Jon Neufelder is an educator with the Purdue University Extension Office in Posey County, Indiana. He said the flowers are purple deadnettle and henbit and they’re a sign of a warm winter and an early spring.

“We have them every year, but this year because of the warm February, they started flowering a lot earlier. So we’re seeing them a lot earlier. Usually we don’t see them until around April and by then the farmers have pretty well killed them off because they’ve started spraying for production.”

Neufelder said the warm winter has caused overall growth to be about two weeks ahead of schedule.

Flickr/Creative Commons/David Duran

A case of avian influenza has been detected in a commercial poultry flock in western Kentucky. 

A national veterinary lab confirmed the presence of H7N9, a low pathogenic avian flu.  The virus was detected last week at a Christian County commercial poultry operation during a routine pre-slaughter test. 

State Veterinarian Robert Stout says there were no clinical signs of disease in the birds.  The affected area is under quarantine and the flock of about 22,000 hens was euthanized as a precaution.  Flocks within a six-mile radius of the farm are also under surveillance. 

Owensboro Regional Farmers Market

As farmers across Kentucky gear up for growing season, the Farms to Food Banks program is already getting calls from some who are interested in selling a portion of this year’s produce to help families in need.

The statewide project buys not-quite-perfect or extra produce and distributes it to more than 500 organizations. Those groups pass the food along to families in their region. 

Last year 385 farmers in 67 Kentucky counties participated in the effort.

Sally Nash of Daviess County said she sells mainly at the Owensboro Regional Farmers Market.

Stopping Superbugs: A New Farm Rule Targets Antibiotic Resistance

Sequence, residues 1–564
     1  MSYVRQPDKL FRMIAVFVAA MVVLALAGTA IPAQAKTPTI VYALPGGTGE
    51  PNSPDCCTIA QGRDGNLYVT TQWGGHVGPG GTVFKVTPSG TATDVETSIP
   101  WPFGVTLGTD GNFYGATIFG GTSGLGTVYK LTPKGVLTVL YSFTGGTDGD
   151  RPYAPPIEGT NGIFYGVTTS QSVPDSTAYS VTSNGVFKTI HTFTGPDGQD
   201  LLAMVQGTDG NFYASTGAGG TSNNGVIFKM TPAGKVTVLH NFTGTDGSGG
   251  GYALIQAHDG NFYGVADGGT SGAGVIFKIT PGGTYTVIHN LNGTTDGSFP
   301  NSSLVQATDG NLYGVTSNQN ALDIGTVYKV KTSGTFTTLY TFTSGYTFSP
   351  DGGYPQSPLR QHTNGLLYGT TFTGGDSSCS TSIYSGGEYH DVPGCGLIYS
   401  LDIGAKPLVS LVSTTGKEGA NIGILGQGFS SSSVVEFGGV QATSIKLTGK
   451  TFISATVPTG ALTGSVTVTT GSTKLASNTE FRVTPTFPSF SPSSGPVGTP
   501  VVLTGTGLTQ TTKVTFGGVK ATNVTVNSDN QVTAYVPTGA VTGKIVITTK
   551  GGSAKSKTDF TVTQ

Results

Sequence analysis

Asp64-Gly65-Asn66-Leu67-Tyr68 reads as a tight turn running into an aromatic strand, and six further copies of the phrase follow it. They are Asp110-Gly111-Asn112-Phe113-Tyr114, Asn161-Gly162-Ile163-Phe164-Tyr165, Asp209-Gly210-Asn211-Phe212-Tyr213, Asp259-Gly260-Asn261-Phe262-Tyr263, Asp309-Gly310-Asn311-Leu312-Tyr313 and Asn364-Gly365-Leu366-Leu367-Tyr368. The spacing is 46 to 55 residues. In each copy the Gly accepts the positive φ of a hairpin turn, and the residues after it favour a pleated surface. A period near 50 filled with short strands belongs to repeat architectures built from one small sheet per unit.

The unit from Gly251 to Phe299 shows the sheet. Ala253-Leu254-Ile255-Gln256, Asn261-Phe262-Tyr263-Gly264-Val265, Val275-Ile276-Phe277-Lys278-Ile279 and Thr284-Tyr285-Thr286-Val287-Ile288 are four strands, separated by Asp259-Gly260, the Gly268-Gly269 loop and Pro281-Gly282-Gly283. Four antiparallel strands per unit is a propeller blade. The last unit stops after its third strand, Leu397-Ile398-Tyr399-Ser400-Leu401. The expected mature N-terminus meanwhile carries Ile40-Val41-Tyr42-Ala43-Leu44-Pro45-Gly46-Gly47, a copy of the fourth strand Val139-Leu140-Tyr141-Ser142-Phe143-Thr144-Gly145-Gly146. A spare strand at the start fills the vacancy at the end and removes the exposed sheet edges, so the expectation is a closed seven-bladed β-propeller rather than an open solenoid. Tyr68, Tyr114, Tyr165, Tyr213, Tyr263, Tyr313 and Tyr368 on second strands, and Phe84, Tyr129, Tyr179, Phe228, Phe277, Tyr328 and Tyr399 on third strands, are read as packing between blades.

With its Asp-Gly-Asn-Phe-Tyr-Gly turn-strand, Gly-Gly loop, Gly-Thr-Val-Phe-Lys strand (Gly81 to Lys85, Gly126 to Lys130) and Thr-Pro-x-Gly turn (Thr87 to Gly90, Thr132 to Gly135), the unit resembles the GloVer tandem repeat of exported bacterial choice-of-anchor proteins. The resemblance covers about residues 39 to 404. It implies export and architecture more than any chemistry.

Jan 23, 2017
Nicole Erwin

A recent report from the Centers for Disease Control offers a stark example of the declining power of medicine’s most important weapons against infectious disease. The CDC noted that a patient who died at a Nevada hospital last year had an infection that was resistant to 26 different antibiotic treatments. That’s essentially the entire antibiotic arsenal doctors had.

There’s an antibiotic problem in the U.S. Some just aren’t working anymore as resistant bacteria, so-called “superbugs,” are growing. Part of the problem lies with farms, where massive amounts of antibiotics have been used on livestock, including animals that aren’t even sick.


The ground may be frozen now, but later this year, hemp plants will spring up on thousands of acres of land in Kentucky.  A record number of growers have been approved to cultivate industrial hemp this year.

The Kentucky Department of Agriculture has approved 209 applications from growers who will plant 12,800 acres of hemp for research purposes.  More than 23-hundred acres was cultivated in 2016. 

“By nearly tripling hemp acreage in 2017 and attracting more processors to the state, we are significantly growing opportunities for Kentucky farmers,” Agriculture Commissioner Ryan Quarles said in a news release.

Besides individual growers, five universities, including WKU, will grow and research the crop.  The state has also approved 40 hemp processors.  The recent decline in commodity prices is believed to be a factor behind increased interest in hemp production.